The Society for Community Organization (Soco) on Sunday urged the government to raise the minimum wage, saying it has not taken into account the living standards of workers when setting the wage level.
Authorities have proposed raising the hourly rate to HK$40 from HK$37.5 starting May 1, and the public has until the end of Monday to give their views on the overall mechanism.
At a press conference, Soco said the new minimum wage will translate to a monthly salary of HK$8,320, which is not enough for the average worker to make ends meet.
Shing, a security guard earning minimum wage who spoke at the briefing said he hopes the government will consider further raising the wage level.
"I want to get married but I haven't saved up enough money. So I need to be frugal," he said.
Sze Lai-shan, Soco's deputy director, said the administration did not assess the impact of the minimum wage on reducing poverty, and a meagre wage floor could contribute to generational poverty.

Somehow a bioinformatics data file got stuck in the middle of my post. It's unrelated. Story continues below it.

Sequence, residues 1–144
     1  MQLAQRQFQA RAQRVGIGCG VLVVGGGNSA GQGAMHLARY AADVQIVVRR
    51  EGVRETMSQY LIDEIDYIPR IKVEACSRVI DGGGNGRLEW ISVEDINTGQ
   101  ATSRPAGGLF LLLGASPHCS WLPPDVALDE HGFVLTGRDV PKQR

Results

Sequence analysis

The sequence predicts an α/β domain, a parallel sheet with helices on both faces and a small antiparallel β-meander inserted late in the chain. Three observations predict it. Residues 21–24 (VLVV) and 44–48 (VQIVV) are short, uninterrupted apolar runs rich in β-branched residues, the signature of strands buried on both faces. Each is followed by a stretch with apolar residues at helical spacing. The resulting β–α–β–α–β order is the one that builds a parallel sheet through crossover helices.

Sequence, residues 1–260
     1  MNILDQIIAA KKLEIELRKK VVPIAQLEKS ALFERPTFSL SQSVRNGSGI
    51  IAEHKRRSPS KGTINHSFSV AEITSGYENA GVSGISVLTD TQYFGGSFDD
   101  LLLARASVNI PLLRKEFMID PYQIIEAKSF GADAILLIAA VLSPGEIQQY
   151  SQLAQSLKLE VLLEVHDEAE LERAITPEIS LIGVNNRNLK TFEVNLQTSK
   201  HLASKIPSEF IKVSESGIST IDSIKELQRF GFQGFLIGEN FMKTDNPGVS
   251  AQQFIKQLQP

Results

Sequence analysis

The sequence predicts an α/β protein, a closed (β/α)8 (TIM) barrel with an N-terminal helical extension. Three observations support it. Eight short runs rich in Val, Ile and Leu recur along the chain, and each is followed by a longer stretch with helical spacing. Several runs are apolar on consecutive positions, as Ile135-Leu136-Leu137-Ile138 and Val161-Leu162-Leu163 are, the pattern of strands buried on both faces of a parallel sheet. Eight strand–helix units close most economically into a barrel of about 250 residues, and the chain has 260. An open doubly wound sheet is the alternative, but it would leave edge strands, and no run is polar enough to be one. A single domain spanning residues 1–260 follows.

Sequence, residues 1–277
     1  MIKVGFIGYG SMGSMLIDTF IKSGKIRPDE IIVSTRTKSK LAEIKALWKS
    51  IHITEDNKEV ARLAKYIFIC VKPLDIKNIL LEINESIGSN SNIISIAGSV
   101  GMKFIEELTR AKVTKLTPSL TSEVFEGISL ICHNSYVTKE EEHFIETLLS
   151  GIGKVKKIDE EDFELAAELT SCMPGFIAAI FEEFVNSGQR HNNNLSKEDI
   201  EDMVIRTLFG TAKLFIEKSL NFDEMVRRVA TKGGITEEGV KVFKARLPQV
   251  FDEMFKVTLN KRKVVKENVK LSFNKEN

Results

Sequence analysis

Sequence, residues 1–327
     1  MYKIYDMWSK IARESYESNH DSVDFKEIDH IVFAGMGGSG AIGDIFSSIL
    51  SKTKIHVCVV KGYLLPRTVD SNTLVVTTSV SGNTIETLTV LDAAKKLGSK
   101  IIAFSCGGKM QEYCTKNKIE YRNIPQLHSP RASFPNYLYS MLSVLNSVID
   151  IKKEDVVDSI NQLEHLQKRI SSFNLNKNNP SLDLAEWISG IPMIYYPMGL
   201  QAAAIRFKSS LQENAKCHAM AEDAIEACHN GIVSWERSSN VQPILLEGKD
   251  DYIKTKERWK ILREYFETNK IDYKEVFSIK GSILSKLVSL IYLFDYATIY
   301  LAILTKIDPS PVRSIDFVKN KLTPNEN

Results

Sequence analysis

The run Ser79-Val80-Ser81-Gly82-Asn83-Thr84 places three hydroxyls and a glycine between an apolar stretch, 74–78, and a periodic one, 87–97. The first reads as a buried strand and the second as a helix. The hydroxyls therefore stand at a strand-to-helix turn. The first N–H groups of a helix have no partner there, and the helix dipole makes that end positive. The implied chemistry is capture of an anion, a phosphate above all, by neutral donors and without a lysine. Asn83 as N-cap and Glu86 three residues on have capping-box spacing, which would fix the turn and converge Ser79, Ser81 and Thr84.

She said the government should set the minimum wage at HK$53.4, after considering the median salary of Hong Kong people and the projected inflation level.
Sze also urged officials to review the minimum wage annually – instead of every two years.
Under Secretary for Labour and Welfare, Ho Kai-ming, said after meeting with Soco that it is natural that workers and employers have different views on wage hikes, and the government will leave it to the market to decide.
"What the government needs to do now is to expand the workforce, to ensure there is a sufficient workforce, and workers and employers can choose freely," he said.